10 Tips for a Teaching Successful Photo Class:
1) Get information. When students call to make a reservation for the workshop, ask them what type of camera they have, find out why they want to take the class, and get to know them a little more.
2) Take online reservations. If you prefer to sign up students online, you can use a service such as Eventbrite. It will help with scheduling, promoting the class and taking payments online.
3) Limit class size. Limit the number of students to around 10 per class so that each student can receive personalized attention.
4) Hand out worksheets throughout the class. Don’t hand out all the worksheets at once so that students will not be tempted to read ahead.
5) Share your story. Share your background in photography with the class and some of your personal experiences that you’ve learned in your business along the way.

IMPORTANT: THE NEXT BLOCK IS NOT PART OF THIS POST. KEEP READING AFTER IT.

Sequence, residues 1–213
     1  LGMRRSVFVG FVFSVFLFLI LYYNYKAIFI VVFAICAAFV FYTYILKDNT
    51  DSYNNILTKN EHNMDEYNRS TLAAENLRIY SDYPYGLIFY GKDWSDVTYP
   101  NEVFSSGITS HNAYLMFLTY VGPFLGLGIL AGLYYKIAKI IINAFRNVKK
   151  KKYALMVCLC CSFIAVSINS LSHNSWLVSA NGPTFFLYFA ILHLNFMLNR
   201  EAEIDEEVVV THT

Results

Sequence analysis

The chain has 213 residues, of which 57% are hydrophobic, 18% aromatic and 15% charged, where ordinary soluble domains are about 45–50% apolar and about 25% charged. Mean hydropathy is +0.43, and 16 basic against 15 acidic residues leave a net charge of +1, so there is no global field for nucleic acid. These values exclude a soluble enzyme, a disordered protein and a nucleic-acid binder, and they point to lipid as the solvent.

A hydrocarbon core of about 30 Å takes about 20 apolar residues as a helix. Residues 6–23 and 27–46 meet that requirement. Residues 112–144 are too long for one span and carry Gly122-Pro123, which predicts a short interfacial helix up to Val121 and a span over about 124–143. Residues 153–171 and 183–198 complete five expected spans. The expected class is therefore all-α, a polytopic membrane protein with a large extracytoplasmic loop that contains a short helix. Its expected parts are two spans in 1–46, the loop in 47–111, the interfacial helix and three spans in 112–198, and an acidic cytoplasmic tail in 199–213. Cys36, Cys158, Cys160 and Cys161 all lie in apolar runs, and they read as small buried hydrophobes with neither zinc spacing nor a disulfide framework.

6) Show your photos. Bring some of your favorite images to show as samples and explain how you got the shot, what settings you used, etc...
7) Have an assistant. Bring an assistant to help you set up, run the PowerPoint presentation, hand out worksheets and greet students as they arrive. Your assistant can also act as your model for students to take practice shots.
8) Know where to advertise. Find students by advertising your classes on daily deal sites and social media platforms. Local moms clubs and retirement communities are also a great place to find students. You may even be able to work out a deal with stores that sell DSLR cameras. Pay them a referral fee for each student they send your way.
9) Start a photography club. For kids classes you can ask to start an after school photography club at local charter schools, teach a class to home school groups, or network at local moms clubs.
10) Don't forget the class sign-in sheet. Make sure you have a sign-in sheet at class to collect your students contact information and be sure to follow up afterwards. You may want to create a private facebook group or google hangout so students can ask follow up questions and post photos. It’s a great way to watch their photography skills grow and help guide them along the way. You may even get some new clients as a result.